A social worker told jurors Carolyn Riley was “very resistant” to the idea of her coming to the Rileys’ house to discuss the welfare of Riley’s three children in the aftermath of an abuse complaint. Less than two weeks later, Riley’s youngest child, 4-year-old Rebecca, was dead.
Rebecca Riley had two to three times the amount of a powerful prescription sedative in her blood when she died than if she had taken a day’s worth of the drug as it had been prescribed for her, the former head of a state toxicology lab testified Wednesday morning.
Dr. George S. Behonick, the director of the University of Massachusetts Medical Center toxicology lab when the little girl died, called the amount of clonidine in the little girl’s body “life-threatening.”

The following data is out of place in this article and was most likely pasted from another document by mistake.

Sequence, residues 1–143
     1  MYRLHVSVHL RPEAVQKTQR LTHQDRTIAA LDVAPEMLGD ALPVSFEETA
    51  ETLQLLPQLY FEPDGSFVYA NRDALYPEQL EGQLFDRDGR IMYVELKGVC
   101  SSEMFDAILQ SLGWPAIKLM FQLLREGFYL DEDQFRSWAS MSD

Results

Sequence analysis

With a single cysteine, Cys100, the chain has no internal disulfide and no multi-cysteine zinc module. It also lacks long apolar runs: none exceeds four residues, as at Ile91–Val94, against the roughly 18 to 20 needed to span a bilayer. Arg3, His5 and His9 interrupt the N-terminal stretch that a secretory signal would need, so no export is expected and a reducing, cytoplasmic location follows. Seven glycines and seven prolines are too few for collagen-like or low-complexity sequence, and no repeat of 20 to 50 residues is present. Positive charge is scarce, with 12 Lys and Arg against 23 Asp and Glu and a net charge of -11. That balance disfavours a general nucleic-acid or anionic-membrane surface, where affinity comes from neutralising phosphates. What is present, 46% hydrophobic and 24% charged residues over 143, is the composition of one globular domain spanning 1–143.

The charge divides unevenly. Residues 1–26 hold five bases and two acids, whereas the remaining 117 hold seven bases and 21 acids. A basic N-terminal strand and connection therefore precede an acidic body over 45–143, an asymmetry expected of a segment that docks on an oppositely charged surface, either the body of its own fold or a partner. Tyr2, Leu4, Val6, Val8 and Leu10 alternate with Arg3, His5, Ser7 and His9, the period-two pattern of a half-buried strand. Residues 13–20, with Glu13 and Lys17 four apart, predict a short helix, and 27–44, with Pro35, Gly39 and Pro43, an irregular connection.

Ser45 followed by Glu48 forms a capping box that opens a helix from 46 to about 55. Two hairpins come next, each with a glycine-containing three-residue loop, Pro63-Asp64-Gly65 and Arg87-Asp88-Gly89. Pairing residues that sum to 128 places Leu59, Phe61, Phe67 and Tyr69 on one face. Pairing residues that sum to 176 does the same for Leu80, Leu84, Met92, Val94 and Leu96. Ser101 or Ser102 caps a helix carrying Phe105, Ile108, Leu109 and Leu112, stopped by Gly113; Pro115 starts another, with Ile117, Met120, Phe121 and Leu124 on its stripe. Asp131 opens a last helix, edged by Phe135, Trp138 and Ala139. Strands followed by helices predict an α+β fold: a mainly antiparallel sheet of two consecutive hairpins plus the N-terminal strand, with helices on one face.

Prosecutors contend the girl’s parents intentionally overdosed her with clonidine because they make money off of her through Social Security disability payments. Defense lawyers claim Rebecca died of a fast-moving pneumonia, not from a drug overdose.
Carolyn Riley is on trial for her daughter's murder, and Michael Riley’s trial is set to start immediately after a verdict in the ongoing case.
Carolyn Riley’s lawyer Michael Bourbeau questioned Behonick’s conclusions about the amount of drugs in the 4-year-old’s body when she died.
“All you’re doing is speculating,” he said.
Dr. Kayoko Kifuji, the Tufts Medical Center psychiatrist treating three of the Riley children, prescribed 3 1/2 clonidine pills daily for Rebecca, given in four doses.
She diagnosed Rebecca as bipolar when the girl was 2 years old.
Dennis Tatz may be reached at firstname.lastname@example.org.